Skip to main content

'We are guinea pigs really': Examining the realities of ICT-based adult learning

Buy Article:

$20.79 plus tax (Refund Policy)

The use of information and communications technology (ICT) to facilitate easy access to lifelong learning for all is one of the central tenets of the UK government's drive to establish a 'learning society'. At the heart of initiatives such as the 'University for Industry' and 'learndirect' are the objectives of increasing access to educational opportunities, thereby widening adult participation in lifelong learning. In so doing the government has invested considerable faith (and finance) in the role of ICT as the primary means of overcoming traditional barriers to lifelong learning. Yet, to date, this growing area of adult education remains over-discussed and under-researched. This article therefore presents an initial empirical examination of the nature of this apparently 'new' form of adult learning. Utilising the concept of 'learning trajectories' and based on in-depth interviews with 36 adult learners in four different ICT-based settings this article examines: (i) the extent to which ICT can be said to be widening participation in learning to previously 'disengaged' adults; and (ii) the experiences, attitudes and views of those learners currently participating in ICT-based learning.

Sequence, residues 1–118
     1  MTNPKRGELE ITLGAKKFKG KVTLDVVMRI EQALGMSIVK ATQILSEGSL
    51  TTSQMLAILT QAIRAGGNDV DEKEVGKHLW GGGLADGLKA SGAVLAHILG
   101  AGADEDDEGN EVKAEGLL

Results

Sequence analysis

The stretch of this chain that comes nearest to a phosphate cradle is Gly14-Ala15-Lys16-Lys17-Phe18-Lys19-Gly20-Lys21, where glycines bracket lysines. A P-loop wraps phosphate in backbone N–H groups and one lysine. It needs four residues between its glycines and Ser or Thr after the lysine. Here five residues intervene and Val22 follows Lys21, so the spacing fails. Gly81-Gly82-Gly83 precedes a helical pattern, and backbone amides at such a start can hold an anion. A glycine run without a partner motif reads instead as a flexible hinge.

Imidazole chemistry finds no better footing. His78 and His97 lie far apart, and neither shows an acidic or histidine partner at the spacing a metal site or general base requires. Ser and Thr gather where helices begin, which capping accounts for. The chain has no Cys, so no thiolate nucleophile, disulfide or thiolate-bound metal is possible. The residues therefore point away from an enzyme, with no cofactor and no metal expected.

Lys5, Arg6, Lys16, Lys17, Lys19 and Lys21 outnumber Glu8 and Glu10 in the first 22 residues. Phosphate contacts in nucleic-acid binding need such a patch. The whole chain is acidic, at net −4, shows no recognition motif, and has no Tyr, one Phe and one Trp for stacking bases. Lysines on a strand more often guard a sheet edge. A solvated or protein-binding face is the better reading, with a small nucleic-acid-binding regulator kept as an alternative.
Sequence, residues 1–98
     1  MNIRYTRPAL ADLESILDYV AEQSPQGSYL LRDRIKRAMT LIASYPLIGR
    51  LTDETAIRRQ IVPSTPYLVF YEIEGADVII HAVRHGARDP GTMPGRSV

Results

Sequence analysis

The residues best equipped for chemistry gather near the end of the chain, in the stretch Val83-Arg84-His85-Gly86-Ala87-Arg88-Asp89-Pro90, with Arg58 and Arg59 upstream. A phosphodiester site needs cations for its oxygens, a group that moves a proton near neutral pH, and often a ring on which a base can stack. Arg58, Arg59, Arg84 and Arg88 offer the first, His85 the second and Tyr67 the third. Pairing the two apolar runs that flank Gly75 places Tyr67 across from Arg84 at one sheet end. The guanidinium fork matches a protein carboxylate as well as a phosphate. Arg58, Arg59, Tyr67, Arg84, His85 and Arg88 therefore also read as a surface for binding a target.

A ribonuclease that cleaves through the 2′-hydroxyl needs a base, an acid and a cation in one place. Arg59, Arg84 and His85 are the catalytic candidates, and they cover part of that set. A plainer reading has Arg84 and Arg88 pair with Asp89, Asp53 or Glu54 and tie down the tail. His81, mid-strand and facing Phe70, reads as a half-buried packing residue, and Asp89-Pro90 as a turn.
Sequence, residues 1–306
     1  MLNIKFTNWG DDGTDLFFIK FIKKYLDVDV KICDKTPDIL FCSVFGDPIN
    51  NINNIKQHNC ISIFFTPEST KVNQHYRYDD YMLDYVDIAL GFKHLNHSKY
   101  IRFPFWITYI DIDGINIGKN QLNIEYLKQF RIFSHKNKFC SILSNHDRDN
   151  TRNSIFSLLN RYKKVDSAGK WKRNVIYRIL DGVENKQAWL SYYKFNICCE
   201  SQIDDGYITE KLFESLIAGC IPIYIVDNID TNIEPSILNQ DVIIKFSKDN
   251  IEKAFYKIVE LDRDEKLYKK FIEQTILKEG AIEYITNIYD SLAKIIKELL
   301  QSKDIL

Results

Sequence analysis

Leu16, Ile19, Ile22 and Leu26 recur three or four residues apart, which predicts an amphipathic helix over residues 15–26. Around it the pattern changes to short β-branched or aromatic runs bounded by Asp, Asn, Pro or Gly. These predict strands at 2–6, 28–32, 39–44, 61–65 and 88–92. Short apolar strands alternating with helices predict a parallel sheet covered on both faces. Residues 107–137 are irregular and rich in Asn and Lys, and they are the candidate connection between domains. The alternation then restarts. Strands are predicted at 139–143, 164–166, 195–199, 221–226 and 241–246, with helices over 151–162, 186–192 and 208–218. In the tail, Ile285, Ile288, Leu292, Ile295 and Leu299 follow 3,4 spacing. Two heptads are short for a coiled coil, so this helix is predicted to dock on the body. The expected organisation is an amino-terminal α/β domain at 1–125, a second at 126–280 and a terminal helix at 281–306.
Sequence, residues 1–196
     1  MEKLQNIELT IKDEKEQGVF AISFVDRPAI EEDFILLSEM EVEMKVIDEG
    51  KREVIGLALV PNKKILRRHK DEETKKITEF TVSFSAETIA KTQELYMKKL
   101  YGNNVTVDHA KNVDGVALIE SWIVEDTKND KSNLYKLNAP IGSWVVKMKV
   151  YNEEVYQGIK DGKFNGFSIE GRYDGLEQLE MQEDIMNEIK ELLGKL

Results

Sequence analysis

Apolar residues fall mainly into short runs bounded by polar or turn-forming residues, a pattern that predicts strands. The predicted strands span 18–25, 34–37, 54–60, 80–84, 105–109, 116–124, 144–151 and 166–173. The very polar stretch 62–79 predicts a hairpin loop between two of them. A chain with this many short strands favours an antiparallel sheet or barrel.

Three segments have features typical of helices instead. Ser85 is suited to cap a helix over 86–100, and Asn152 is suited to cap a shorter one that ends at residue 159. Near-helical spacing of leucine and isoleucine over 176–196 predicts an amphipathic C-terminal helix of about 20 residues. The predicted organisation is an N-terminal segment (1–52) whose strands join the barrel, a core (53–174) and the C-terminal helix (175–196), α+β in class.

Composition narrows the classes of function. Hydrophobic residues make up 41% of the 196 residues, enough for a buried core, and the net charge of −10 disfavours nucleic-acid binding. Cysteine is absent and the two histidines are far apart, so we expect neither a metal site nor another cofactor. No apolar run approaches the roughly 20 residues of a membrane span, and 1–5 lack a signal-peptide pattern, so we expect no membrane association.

No Reference information available - sign in for access.
No Citation information available - sign in for access.
No Supplementary Data.
No Data/Media
No Metrics

Document Type: Research Article

Publication date: 2002-04-01

More about this publication?
  • Access Key
  • Free content
  • Partial Free content
  • New content
  • Open access content
  • Partial Open access content
  • Subscribed content
  • Partial Subscribed content
  • Free trial content
Cookie Policy
Cookie Policy
Ingenta Connect website makes use of cookies so as to keep track of data that you have filled in. I am Happy with this Find out more